OLED technology is newer, and tends to be more expensive. Each organic cell sitting behind the screen emits its own light source. Generally, OLED TVs offer better contrast, meaning blacks are deeper. Viewing angles tend to be wider, too, meaning you won’t see colour distortion if you sit at an angle to the TV.
TV manufacturers are constantly refining both screen and picture resolution technology. The best advice is always to try before you buy.
The curve mirrors the shape of the human eye, and can make you feel like the screen is larger than it really is. It can be an immersive experience, but you need to sit directly in front of the screen. If your seating area is at an angle to the TV, you might not get the best view.
It’s usually easy to judge picture quality. Sound can be a different matter. It’s harder in a busy shop and almost impossible online. You may find your TV provides adequate sound for most of your TV viewing. But if you want to improve your sound quality, you could consider adding a sound bar or sound base, surround speakers or full 5.1 home cinema system.
Work out what you might want to physically plug into your TV – media streaming device, games console(s), Blu-ray player, satellite or digital box, LAN cable, SD memory card – and check that there are enough HDMI, USB and multimedia connections. Once you’ve bought the TV, you can’t add any more, so it’s worth thinking ahead about whether you’re likely to add extra equipment during your new TV’s lifespan.
Most new TVs are smart, meaning they can connect to your internet at home. You can use apps, and browse the internet on the TV. You can watch catch-up TV on services like BBC iPlayer, All 4, Sky Go or ITV Hub, stream TV shows and movies through subscription services like Netflix, Amazon or Now TV, and even use social media like YouTube and Vimeo. It’s worth remembering that unlike your mobile or tablet, most smart TVs don’t let you download additional apps. So check the ones that are included are the ones you want.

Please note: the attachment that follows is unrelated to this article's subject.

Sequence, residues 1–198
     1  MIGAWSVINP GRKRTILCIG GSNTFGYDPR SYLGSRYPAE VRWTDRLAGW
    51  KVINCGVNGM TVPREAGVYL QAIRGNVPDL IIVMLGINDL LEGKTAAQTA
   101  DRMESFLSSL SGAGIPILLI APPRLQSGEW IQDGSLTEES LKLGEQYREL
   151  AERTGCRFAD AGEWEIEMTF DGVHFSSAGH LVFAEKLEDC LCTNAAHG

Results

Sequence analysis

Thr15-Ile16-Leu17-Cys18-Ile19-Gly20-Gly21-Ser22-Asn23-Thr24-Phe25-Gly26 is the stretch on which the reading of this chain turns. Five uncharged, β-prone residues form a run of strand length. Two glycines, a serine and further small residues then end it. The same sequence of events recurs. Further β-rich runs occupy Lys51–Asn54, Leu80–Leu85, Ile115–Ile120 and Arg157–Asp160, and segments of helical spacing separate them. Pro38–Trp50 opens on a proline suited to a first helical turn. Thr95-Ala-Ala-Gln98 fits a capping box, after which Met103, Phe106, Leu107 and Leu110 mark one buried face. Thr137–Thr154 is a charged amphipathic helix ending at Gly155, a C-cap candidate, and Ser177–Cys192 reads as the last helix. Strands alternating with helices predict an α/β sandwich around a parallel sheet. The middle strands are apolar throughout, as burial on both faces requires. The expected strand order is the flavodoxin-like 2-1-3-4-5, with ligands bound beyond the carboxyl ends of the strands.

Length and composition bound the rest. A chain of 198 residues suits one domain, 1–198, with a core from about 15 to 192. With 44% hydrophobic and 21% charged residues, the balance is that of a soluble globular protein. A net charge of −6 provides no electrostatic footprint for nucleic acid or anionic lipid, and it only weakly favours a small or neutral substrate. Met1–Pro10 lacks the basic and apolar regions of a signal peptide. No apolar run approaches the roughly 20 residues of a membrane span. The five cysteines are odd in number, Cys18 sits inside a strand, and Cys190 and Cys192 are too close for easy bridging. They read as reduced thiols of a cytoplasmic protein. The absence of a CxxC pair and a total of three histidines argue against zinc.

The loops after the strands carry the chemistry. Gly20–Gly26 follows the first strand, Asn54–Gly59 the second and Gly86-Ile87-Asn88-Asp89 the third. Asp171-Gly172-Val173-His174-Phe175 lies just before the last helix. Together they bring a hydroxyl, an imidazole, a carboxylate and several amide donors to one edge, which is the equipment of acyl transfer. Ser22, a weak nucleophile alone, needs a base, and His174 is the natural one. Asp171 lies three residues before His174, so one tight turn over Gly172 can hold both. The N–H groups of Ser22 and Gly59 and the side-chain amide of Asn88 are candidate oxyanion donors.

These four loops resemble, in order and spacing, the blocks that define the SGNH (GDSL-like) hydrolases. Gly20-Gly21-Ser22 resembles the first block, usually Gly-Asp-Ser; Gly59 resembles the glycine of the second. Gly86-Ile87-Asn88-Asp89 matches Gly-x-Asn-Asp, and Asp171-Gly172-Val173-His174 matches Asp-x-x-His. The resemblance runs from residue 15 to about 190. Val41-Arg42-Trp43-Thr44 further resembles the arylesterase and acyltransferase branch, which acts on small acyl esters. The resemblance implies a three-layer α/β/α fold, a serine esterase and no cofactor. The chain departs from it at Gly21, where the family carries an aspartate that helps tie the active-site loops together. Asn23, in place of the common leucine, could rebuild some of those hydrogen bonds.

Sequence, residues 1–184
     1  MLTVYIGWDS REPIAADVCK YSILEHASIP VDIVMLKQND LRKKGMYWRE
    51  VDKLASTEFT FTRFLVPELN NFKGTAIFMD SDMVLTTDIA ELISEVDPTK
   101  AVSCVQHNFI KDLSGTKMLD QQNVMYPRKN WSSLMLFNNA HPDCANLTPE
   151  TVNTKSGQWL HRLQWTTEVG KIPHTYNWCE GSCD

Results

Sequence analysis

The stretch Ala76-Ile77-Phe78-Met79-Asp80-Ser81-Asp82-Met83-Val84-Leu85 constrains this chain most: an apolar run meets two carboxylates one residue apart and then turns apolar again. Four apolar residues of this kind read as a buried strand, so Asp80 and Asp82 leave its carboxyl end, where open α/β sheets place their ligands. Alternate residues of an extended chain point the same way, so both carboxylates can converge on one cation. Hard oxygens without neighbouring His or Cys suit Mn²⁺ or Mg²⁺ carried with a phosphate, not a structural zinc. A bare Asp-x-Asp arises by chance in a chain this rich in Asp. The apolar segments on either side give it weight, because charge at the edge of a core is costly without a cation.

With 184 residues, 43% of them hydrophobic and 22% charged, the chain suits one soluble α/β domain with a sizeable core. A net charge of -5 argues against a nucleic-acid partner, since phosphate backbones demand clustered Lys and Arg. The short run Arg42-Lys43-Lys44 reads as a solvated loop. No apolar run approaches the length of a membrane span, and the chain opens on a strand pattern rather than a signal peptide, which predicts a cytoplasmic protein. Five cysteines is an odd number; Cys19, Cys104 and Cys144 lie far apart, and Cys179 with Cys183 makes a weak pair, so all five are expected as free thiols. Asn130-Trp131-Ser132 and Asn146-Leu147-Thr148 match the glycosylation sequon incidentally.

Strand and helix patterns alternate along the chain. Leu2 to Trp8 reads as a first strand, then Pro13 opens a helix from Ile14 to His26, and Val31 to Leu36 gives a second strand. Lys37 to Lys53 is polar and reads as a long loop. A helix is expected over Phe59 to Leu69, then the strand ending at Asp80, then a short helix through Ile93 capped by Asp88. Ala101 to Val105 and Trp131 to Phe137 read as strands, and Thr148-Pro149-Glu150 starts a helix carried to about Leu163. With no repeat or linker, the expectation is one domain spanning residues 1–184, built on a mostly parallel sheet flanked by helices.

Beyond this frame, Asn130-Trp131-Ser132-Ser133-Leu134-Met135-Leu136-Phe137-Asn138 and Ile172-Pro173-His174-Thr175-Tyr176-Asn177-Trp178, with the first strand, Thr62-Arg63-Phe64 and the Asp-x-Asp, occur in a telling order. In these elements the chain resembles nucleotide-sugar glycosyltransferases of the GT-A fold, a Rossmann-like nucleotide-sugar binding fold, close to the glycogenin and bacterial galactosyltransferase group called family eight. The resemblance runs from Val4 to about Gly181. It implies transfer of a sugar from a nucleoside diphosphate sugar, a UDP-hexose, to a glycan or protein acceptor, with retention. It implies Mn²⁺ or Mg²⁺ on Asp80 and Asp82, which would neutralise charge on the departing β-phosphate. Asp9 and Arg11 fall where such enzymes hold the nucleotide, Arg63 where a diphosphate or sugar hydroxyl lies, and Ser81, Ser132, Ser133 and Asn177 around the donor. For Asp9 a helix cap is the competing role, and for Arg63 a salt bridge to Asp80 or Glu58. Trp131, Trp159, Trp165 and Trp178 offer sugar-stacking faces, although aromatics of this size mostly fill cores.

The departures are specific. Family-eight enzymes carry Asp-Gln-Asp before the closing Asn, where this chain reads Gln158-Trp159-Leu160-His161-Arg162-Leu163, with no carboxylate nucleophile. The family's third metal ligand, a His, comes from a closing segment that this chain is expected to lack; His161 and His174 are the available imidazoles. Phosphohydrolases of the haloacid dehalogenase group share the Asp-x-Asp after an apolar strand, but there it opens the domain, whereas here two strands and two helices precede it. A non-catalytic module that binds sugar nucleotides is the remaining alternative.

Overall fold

If your TV is going into an entertainment unit, make sure there’s at least an inch of space between the TV and the edge of the furniture it’s sitting on. This is primarily for ventilation – all that equipment can get hot.
If you’ve not bought a new TV for a while, you might wonder where some of the technology has gone. Plasma, rear projection and 3D TVs are no longer widely available. Replacing a plasma TV? You might consider an OLED screen with its deeper blacks and contrast. If you really want the 3D experience, you may want to consider buying a home cinema projector as well as a TV, and make sure your room is large enough to do them justice.
If you’re already covered by a TV Licence at the same address and you’re buying a new TV, don’t worry. You won’t need a new licence, too.
You must be covered by a licence to watch or record programmes as they’re being shown on TV, on any channel, watch or stream programmes live on an online TV service, or download or watch any BBC programmes on BBC iPlayer. This applies to any device you use, including a TV, desktop computer, laptop, mobile phone, tablet, games console, digital box or DVD/VHS recorder.